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Microsoft's Grip on the BBC is Tightened

Former Microsoft executives inherit the Beeb

Whereas Microsoft crumbles at its executive ranks, it appears to find its influence penetrating other innocent companies, some of which are direct competitors of Microsoft. In addition, bias in the media can transcend the borders of the technical industry amid managerial changes, so this can affect also commerce-independent channels, such as the BBC.



Issues with the BBC were expressed before (to catch up with an assortment of criticisms, see [1, 2, 3, 4, 5, 6, 7, 8, 9, 10, 11, 12, 13, 14, 15]). Problems almost immediately followed a technical collaboration that had been established with Microsoft rather than with trusted UK-based companies, which are not convicted monopoly abusers.

Bias in the media comes in different forms. Editorial control, which is also supervised by the management, can affect article headlines and convey hidden messages. It is therefore interesting (yet worrisome) that Microsoft has just 'lost 'a vice president. Although it reflects badly on the future of the company, it turns out that this man will likely land in a position of influence where he can serve Microsoft better. He is reportedly headed towards BBC Worldwide, which is still perceived as trustworthy media.

Chris Dobson, Microsoft's VP for its UK Online Service Group, is leaving the company. Dobson is believed to be joining BBC Worldwide in a senior role. He joined Microsoft in 2001 following positions at Zenith and MTV Networks.


He would be not the first executive from Microsoft who occupies a position of great responsibility there. Also inside the BBC, Erik Huggers, who arrived from Microsoft, continues to use iPlayer against GNU/Linux. Despite the fact that everyone pays tax, the BBC underplays the role of the operating system and has so far refused to support it. In addition, it threw FUD at it, suggesting that only 600 people in the UK are GNU/Linux users. How familiar a routine [1, 2].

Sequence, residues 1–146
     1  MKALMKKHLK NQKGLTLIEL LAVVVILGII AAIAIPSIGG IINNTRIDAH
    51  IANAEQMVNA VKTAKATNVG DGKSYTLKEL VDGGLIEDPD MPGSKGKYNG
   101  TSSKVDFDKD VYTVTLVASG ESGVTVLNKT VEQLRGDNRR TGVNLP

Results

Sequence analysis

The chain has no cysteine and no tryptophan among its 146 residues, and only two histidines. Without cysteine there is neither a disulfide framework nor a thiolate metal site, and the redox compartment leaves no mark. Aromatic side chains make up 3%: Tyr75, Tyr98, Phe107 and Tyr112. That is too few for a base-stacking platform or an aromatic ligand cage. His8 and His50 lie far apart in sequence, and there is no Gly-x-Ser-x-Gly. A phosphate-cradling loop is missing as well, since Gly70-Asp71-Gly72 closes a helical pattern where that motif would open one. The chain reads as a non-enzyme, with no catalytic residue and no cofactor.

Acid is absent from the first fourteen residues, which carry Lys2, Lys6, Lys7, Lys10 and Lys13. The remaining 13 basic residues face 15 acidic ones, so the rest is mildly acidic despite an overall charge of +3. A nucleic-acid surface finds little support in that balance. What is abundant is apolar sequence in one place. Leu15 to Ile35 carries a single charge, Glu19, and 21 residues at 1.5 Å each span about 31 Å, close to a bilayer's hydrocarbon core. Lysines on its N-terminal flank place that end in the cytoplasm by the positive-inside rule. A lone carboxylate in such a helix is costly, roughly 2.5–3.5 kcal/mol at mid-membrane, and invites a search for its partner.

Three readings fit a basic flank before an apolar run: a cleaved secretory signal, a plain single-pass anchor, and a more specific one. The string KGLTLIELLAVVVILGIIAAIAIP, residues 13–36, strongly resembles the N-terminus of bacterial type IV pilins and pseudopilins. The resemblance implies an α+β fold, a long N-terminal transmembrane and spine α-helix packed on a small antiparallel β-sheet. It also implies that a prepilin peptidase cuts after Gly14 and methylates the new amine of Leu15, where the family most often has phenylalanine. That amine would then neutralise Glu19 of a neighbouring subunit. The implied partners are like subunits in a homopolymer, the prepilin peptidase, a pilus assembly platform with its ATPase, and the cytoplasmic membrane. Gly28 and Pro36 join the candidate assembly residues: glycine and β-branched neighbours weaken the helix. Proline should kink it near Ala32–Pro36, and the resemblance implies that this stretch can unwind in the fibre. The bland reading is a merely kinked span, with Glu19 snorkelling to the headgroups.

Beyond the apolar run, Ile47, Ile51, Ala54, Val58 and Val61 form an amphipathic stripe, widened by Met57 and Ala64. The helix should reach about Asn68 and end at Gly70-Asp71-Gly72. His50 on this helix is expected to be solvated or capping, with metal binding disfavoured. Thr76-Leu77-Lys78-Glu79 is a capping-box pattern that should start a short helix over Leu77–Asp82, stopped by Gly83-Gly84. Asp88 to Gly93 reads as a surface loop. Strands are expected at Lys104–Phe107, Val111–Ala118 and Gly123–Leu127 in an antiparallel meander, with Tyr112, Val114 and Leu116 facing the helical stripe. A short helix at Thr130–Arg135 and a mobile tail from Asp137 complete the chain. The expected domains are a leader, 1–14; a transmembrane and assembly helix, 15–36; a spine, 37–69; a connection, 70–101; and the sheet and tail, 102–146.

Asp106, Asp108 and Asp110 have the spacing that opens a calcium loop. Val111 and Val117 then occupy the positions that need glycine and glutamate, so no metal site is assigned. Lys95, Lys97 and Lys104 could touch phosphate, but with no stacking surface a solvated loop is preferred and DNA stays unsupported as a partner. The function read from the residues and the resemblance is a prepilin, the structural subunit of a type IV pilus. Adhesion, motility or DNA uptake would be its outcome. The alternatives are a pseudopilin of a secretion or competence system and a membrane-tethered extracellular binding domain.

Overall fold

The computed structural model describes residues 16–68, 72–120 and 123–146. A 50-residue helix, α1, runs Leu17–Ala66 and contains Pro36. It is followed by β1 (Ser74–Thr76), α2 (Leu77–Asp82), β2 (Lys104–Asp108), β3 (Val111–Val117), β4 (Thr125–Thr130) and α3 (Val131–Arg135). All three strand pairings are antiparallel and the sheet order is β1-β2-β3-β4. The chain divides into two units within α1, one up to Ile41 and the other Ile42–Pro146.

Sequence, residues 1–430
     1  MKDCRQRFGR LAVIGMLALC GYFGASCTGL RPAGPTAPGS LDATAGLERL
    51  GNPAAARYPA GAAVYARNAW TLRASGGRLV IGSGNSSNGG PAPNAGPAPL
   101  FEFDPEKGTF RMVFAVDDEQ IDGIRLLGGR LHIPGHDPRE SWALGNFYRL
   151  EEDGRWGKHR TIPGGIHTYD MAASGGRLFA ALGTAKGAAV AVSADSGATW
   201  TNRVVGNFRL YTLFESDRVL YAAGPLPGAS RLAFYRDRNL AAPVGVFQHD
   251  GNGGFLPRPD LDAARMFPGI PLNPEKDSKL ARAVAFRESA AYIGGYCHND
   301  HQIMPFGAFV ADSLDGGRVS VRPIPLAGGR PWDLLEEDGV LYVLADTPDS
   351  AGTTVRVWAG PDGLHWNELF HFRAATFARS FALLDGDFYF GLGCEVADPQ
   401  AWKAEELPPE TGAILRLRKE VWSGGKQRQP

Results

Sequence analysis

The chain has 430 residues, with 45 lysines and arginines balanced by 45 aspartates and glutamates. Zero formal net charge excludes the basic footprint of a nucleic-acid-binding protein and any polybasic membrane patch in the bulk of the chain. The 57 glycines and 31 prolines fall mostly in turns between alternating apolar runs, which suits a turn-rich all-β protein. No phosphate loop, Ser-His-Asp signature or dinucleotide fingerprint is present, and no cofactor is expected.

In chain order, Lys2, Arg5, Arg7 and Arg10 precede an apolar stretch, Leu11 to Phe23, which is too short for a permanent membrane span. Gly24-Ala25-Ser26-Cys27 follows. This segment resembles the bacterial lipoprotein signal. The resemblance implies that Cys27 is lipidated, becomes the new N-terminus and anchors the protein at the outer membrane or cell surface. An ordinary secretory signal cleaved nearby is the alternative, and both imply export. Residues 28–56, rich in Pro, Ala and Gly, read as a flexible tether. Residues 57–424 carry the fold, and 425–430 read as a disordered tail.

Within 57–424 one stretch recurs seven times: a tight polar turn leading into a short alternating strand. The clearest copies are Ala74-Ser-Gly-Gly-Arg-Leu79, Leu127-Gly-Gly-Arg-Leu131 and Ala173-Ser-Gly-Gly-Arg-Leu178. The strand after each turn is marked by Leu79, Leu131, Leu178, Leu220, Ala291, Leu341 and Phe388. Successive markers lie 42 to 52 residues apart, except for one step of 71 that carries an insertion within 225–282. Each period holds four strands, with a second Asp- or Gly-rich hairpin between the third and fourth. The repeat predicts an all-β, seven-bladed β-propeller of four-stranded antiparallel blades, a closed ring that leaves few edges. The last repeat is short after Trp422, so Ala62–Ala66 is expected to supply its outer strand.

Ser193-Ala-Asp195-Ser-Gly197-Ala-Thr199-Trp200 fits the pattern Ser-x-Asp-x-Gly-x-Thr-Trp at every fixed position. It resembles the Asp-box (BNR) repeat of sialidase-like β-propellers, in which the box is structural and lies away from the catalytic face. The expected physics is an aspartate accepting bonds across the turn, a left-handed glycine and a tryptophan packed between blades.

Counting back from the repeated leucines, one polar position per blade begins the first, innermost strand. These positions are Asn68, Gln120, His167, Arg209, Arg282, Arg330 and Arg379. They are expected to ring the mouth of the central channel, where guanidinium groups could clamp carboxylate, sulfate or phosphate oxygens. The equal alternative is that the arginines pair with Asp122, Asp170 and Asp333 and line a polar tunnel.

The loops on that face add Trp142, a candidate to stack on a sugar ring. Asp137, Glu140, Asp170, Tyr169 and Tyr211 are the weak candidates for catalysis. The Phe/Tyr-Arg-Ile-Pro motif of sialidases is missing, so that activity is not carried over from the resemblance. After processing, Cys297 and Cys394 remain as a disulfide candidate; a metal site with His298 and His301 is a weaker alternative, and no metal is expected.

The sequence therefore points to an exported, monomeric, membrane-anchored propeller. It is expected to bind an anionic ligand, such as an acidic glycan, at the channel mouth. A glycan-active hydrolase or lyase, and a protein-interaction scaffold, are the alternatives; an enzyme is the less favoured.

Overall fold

“The language and attitude is very clear to see and for the BBC to publish such articles would simply be irresponsible.”Let us assume -- but not hope -- that Microsoft employees at the highest of levels are running the BBC and managing public money (tax money). What might be the impact? Technical facilities (e.g. iPlayer framework) is just one small ingredient of this equation; the other is media coverage. Might the BBC refuse to say anything positive about GNU/Linux, or altogether ignore its need/right for coverage? It is always hard to measure such things. One must consider incidents, keep track of them, and maybe count them.

The BBC's inter-personal connections and partnership with Microsoft may already have a subtle effect. For example, just earlier, the BBC published this GNU/Linux-bashing article. It published it unchallenged. It contains 'weasel words' like "Hippy ideals" and it's referring to the software just as "Linux" and explaining "open source", not Free software. The latter mistake is not so uncommon, so it's worth ignoring for now.

Looking at the myths that are spread and reinforced throughout the article, one finds "It's not the machine itself that's driving me to violence, but the operating system that controls its programs and hardware: Linux." Another piece of FUD about GNU/Linux in 2008: "As someone used solely to double-clicking on pretty pictures to do most anything on a computer this is pretty hairy stuff." There's also the "no support" FUD at the end: "Bang a couple of lines of code into the terminal window to tell the machine to install what we've downloaded. Bingo, we're cooking on gas," it says. The language and attitude is very clear to see and for the BBC to publish such articles would simply be irresponsible.

The bottom line is: do not consider the BBC a credible source. This is far from the first such example.

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